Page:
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“Overnight success? Far from it – the reality is a slog,” Steph’s Packed Lunch executive producer tells Leeds Trinity students

The television industry remains too white, too middle class and too male, according to the first female producer of Have I Got News for You.

Kicking off Leeds Trinity’s Journalism and Media Week, Rebecca Papworth, managing director of CanCan Productions and executive producer at Steph’s Packed Lunch expressed her concern for the TV industry’s lack of diversity.

She said: “Sometimes I don’t think the TV industry has changed enough. There are a lot more conversations to be had. It is a battle. It is a constant push.”

Rebecca said she grew up in Bradford and Halifax in a working-class background.

“Opportunities were just not obvious, but I was focused on succeeding, and I just loved television.”

Rebecca revealed the reality of the hard work required when getting your foot in the door.

Off the back of work experience at Bradford Festival TV Rebecca pulled together her own VHS showreel, wrapped it in pink faux fur and sent it out to every name she could find in the Guardian Media.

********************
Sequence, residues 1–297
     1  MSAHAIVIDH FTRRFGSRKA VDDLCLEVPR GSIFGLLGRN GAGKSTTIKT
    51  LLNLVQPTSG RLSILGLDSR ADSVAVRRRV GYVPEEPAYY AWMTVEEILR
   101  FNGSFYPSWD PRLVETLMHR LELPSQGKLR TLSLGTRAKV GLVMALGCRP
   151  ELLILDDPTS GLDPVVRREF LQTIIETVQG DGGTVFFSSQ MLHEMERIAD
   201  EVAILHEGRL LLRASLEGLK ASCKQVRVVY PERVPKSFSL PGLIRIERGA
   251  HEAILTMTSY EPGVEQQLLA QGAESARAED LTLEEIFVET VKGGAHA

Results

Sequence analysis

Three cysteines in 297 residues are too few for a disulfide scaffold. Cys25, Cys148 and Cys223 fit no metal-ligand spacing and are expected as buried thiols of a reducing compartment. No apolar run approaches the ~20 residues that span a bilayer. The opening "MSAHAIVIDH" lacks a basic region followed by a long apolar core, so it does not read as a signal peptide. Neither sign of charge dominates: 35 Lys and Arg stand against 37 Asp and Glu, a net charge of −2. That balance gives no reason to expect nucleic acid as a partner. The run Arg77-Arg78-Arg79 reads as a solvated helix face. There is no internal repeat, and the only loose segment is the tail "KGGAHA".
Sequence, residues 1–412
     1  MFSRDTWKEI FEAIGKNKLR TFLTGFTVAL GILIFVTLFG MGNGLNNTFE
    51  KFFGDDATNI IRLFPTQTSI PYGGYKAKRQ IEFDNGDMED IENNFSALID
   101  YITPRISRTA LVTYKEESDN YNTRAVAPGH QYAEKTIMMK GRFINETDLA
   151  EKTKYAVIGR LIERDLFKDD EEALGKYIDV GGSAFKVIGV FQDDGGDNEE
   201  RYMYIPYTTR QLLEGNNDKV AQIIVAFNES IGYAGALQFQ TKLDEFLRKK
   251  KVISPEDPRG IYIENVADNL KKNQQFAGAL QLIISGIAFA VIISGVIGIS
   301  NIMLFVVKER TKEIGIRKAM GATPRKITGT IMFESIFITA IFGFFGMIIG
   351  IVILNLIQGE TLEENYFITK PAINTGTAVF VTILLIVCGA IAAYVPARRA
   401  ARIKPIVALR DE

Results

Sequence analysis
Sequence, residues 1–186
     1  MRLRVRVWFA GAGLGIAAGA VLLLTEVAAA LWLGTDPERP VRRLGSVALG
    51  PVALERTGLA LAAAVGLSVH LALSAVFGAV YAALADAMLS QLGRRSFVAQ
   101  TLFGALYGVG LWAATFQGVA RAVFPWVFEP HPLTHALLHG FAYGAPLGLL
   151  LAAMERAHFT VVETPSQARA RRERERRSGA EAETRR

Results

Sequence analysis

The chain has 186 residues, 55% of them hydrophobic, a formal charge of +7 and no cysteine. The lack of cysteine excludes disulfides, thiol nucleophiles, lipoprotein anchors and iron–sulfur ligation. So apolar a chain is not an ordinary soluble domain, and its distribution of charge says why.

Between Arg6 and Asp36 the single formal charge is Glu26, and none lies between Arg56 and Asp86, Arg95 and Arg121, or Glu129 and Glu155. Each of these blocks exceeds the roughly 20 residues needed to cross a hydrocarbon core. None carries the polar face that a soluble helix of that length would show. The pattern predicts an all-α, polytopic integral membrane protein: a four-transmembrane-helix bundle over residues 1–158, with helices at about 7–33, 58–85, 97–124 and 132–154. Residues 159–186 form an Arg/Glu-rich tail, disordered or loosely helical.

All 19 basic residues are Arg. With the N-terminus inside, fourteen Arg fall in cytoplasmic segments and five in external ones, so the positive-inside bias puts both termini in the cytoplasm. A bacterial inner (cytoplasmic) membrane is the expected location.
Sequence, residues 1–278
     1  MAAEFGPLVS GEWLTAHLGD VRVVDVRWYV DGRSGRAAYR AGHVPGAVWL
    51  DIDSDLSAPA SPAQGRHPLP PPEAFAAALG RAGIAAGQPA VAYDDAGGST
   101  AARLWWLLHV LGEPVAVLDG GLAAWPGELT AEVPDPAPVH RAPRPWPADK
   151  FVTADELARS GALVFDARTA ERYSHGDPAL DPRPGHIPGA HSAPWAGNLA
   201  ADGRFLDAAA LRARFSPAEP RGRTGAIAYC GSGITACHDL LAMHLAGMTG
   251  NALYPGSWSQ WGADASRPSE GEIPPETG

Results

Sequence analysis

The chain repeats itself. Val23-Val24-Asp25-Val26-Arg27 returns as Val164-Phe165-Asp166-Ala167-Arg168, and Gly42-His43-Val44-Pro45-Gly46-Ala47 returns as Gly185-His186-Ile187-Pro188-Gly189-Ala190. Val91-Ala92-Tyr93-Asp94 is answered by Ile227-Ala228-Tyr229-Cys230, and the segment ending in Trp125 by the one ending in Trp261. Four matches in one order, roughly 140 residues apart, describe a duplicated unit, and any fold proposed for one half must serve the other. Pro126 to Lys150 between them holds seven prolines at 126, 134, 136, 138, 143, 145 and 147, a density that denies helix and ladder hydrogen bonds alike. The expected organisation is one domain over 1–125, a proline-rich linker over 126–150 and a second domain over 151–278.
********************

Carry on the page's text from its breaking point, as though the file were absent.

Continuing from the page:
“Once I got in, I fought for my place,” she said, after explaining she accepted a £4,000 pay cut and suffered a commute of an hour and a half every day.

“It was brutal but if you get the opportunity of a lifetime, you go for it, or die trying.”

After a successful 25 years in the television industry, Rebecca said she reached a point where she finally felt she could make a change in the industry.

“I had got to a point in my career where I felt such a frustration with diversity, but I got to a place where I could do something about it.”

Producing Have I Got News for You as the first female in that role, Rebecca said she had a proactive attitude in making the show more inclusive, by encouraging more female comedians to be involved.

“I came with an agenda, and I pushed for women and diversity. I won’t pretend I haven’t had my #MeToo moments.

“Women can tend to be pushed into more administrative roles, and being an editorial person becomes rarer and rarer.

“Ending up in a room as the only working-class northern woman, it can be tough, it can be hostile. Particularly as comedy is a very male environment. But then on the upside you probably stand out a bit more, because you are different. It’s not a disadvantage, you just have to insist.”

Rebecca said she felt proud that Steph’s Packed Lunch is based in Leeds over more established areas in TV production like Manchester or London and said the future of TV in Leeds is bright.

She said: “Traditionally there has been more TV made in Manchester. But I think the fact Leeds has Channel 4 here now and Screen Yorkshire is important. The combination of that plus all the universities and colleges supporting the industry mean it can only grow.”

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